Saturday, December 13, 2014

Paige Taggart, Or Replica

Change is comfortable for those looking to buy it. To find a reason to wake up in the morning. My house has beautiful light, tall windows. I could last here forever. The snow makes everything brighter than before; this doesn’t mean the future holds rewards. I’m trying to reamplify my trust in the living. But my past is much more fertile than today, maybe because the hills in California stay green infinitely. Or because my brothers are there, still hugging and wrestling their differences. It’s difficult to be here, without them judging me. It makes me feel less infinite.

There is something particularly striking about the prose poems in Brooklyn, New York poet Paige Taggart’s second trade poetry collection, Or Replica (Brooklyn NY: Brooklyn Arts Press, 2014). Composed in four sections—“Mammalian Half,” “Sorry as the Flame for No Other Fire,” “Gift Horse” and “Say Yes Will Still Go”—she switches from sections of lyric fragments (one and three) to prose poems (two and four). While the lyric fragments are intriguing, it is through the prose poems where her work really shines. Throughout the collection, Taggart is concerned with the copy, the duplicate and ideas of possible “falseness,” as she writes in “Mammalian Half”: “a hula-hoop without hips / is just a circle / painted with gouache / a circle of table salt / casualties spilled / forth [.]” There is such an intriguing way that the phrases in her short fragments play off each other, accumulating into something larger than the sum of their parts, whereas the density of the prose poems are somehow far more effective, sharpening the focus of those disconnections and accumulations, and causing each piece to strike with the force of a body-blow.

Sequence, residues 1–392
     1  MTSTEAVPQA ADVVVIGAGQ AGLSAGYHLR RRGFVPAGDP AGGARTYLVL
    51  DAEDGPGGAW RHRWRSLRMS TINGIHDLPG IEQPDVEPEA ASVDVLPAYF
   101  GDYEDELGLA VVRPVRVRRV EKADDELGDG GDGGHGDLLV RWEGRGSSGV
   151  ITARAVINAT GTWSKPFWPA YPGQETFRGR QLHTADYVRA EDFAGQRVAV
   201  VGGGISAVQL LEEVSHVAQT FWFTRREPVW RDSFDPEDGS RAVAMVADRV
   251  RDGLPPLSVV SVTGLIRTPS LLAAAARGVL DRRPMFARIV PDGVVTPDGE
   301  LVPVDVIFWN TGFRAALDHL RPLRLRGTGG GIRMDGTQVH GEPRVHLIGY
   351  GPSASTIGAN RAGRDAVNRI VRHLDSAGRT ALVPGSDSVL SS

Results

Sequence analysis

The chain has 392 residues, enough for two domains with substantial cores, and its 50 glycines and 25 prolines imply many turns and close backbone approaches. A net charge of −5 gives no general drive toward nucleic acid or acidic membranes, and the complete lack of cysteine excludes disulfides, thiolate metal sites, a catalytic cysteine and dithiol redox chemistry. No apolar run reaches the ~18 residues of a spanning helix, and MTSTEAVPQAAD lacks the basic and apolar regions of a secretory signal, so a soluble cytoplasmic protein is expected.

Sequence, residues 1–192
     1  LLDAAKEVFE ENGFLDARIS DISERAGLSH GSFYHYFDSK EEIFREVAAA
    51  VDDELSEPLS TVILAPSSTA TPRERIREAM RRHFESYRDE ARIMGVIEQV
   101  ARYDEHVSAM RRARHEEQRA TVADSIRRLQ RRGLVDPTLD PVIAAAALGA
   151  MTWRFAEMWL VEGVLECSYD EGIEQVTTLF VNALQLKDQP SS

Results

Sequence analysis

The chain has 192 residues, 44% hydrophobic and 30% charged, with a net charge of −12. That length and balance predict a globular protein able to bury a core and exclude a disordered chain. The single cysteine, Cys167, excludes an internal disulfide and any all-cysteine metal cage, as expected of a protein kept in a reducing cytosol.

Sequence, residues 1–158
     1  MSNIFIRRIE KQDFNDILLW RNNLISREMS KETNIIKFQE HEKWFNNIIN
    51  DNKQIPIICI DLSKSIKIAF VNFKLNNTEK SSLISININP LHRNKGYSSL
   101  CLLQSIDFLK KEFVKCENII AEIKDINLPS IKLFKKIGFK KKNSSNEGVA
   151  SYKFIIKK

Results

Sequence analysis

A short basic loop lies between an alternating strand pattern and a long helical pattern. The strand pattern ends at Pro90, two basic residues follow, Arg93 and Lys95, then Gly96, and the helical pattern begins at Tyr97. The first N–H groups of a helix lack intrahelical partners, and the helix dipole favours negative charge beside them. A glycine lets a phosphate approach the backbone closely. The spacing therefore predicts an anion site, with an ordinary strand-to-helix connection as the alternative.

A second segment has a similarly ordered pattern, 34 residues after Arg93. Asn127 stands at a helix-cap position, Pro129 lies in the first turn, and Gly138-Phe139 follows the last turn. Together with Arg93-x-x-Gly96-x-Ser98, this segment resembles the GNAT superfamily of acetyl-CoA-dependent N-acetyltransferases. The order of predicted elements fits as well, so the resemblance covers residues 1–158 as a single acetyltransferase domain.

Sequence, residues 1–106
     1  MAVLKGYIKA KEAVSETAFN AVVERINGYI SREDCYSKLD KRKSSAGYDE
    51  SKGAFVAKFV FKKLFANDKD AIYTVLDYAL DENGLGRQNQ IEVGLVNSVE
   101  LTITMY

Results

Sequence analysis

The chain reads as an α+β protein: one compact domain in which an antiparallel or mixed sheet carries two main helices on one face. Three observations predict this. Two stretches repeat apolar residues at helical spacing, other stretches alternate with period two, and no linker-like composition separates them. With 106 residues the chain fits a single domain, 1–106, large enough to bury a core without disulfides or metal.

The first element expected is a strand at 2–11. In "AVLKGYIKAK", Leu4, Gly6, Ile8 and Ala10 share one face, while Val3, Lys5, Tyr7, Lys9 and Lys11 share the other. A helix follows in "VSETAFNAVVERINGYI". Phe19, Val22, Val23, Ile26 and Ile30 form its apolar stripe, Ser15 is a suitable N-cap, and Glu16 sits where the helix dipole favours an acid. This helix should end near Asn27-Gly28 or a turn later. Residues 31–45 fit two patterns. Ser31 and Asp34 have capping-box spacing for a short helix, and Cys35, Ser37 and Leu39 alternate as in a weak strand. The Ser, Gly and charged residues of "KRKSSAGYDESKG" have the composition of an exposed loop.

Memory is weird. I’ve given so many blowjobs. One on a tiny square patch of grass behind a Parisian club just as the sun was coming up. I recently took all my photos down—was tired of no longer identifying with them. I keep rolling around the possibility of starting to smoke pot again, to stave-off nightmares—attention to detail fully depletes around a self-revolving door of no consequence. Dreams arrive through an empty vessel. Memory is weird and frequently ignored. I wonder what it’d be like to spend a life passing over Braille.

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